Insightful post with excellent resources. Anyone with kids observes first hand the amazing process that we undergo as we first develop our ability to use language. Let us not forget that as language teachers!
“In investigating the child’s brain, we may be able to help keep our own minds open to learning for our entire lives”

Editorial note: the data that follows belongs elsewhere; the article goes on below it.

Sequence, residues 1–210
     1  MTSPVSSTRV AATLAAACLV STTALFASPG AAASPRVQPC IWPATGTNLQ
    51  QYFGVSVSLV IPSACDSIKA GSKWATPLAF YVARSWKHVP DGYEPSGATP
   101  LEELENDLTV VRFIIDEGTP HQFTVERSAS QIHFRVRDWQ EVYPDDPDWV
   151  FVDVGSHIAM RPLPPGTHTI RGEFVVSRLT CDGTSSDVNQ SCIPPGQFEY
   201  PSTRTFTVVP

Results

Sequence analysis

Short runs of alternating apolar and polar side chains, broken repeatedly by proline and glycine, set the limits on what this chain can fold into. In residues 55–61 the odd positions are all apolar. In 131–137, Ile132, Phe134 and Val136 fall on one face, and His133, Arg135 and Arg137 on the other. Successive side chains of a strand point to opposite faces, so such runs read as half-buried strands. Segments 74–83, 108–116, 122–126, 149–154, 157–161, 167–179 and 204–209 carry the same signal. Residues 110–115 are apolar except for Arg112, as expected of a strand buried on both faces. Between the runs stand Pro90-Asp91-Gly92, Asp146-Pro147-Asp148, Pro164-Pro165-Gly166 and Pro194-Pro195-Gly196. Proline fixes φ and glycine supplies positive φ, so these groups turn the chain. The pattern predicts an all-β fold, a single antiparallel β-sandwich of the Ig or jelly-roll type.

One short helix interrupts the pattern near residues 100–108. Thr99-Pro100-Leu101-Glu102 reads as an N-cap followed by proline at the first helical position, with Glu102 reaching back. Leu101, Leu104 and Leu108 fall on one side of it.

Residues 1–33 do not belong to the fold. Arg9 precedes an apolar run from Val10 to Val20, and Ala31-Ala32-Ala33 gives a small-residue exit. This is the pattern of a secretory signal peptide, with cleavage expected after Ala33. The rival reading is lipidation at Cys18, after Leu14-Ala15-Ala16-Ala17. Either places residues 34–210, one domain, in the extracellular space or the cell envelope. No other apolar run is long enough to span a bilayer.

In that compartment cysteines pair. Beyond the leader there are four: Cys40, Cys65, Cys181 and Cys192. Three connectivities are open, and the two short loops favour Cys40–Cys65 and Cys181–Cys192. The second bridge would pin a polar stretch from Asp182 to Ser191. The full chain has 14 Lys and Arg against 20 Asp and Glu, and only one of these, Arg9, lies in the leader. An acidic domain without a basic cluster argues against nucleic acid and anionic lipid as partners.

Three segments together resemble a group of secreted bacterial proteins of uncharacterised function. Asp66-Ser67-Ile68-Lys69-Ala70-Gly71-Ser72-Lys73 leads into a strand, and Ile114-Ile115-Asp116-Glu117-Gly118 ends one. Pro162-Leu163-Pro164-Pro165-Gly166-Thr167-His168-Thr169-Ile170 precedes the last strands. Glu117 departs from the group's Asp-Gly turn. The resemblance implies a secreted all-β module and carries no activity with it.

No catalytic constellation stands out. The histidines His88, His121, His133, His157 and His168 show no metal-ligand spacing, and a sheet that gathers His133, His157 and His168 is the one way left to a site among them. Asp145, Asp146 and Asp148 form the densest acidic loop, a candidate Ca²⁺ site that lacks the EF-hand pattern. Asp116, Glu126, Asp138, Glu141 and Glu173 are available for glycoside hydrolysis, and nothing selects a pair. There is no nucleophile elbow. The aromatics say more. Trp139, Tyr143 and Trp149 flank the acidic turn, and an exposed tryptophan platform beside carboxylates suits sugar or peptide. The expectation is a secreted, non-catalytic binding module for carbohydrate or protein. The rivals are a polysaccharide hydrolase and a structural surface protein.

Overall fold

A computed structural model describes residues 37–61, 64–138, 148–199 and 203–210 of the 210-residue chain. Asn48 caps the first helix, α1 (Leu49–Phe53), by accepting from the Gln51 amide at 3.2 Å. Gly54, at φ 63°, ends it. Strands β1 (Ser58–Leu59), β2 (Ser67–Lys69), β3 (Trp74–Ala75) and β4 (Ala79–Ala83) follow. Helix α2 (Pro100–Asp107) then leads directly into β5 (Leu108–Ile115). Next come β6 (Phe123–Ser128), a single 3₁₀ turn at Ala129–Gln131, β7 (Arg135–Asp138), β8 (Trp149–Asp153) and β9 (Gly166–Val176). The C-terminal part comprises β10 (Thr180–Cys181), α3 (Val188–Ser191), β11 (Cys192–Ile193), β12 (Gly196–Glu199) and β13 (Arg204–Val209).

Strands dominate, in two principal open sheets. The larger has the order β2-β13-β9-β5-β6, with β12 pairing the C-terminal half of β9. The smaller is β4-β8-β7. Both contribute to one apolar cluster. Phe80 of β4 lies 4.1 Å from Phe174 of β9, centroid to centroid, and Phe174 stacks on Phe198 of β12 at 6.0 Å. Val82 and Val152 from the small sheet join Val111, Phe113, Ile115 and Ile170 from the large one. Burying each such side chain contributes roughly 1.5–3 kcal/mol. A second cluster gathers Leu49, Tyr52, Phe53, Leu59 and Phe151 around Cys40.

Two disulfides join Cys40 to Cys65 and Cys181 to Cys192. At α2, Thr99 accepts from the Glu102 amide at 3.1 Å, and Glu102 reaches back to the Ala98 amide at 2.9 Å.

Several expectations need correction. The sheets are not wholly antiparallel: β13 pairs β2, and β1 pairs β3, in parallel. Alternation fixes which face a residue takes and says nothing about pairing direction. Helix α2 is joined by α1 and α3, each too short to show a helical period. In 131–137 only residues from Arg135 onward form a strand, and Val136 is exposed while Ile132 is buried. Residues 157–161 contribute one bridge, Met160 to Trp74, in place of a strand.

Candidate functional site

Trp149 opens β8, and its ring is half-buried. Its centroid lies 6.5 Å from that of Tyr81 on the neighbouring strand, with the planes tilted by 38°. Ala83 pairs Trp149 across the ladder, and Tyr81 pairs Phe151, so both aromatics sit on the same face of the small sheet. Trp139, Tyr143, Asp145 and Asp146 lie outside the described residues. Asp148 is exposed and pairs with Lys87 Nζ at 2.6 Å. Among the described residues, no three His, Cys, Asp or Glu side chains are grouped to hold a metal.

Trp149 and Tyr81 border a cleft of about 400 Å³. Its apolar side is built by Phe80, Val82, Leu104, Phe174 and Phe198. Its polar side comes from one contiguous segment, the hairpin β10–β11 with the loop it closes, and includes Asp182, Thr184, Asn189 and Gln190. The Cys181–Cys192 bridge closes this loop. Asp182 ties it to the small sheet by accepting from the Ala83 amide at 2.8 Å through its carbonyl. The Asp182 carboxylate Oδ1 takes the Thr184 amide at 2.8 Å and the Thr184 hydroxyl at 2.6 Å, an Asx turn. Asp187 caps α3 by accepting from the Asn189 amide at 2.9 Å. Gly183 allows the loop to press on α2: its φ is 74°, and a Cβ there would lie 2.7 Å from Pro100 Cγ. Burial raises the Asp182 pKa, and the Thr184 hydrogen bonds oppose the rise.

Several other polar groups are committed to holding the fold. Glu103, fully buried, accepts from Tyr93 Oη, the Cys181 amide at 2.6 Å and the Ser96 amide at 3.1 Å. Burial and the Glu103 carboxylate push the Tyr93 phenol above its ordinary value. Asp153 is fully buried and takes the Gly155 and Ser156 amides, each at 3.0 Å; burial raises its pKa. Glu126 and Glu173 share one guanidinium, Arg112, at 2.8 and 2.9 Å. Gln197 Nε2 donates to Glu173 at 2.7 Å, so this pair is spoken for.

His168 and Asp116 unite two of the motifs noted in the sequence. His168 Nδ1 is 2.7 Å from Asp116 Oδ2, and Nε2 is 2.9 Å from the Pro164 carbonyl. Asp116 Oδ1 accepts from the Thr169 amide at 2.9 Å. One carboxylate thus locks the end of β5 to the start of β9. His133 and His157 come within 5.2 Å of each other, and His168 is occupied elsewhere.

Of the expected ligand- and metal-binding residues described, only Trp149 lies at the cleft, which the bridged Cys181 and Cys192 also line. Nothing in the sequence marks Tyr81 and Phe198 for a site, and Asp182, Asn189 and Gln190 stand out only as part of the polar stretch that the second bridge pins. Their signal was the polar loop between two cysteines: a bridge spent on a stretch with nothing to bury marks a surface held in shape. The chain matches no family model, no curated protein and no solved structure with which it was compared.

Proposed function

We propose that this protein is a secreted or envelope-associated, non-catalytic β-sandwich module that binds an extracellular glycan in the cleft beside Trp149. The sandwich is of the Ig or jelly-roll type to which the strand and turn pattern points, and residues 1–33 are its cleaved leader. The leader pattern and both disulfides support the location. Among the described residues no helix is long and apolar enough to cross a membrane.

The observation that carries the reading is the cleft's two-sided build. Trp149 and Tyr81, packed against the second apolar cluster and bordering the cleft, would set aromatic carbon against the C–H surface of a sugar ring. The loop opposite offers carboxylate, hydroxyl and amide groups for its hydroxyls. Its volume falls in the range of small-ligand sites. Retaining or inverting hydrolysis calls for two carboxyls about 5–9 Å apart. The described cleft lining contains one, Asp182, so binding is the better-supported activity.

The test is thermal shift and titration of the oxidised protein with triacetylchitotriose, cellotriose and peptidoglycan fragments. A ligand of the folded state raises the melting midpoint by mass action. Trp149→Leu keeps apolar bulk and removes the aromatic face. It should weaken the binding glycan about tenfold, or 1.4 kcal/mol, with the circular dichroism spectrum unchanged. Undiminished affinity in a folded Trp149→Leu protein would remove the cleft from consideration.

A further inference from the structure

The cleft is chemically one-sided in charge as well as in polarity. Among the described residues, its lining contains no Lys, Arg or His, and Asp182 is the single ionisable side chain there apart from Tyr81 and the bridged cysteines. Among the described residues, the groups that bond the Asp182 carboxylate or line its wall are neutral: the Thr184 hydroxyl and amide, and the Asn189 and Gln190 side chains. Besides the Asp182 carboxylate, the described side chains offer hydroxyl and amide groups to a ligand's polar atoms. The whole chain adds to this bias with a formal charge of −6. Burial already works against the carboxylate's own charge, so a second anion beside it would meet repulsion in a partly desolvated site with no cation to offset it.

Chinese tones are baffling to non-native speakers. While westerners marvel at how a seemingly small pitch change is enough to differentiate between words like “mother” and “horse”, Chinese natives get the giggles when expats get all nostalgic about their horse’s cooking. Notoriously difficult to master, these differences are often incredibly subtle to non-native ears. Yet native Mandarin speakers differentiate tones with the same ease as English speakers perceive consonant contrasts in words like punk and monk. This contrast is what’s known by linguists as a minimal pair (and by barbers as what saves Sid Vicious wannabes from walking around with an unfortunate bald patch). But why is it that minimal pairs which are so obvious to native speakers can be so troublesome, and at times downright embarrassing in…
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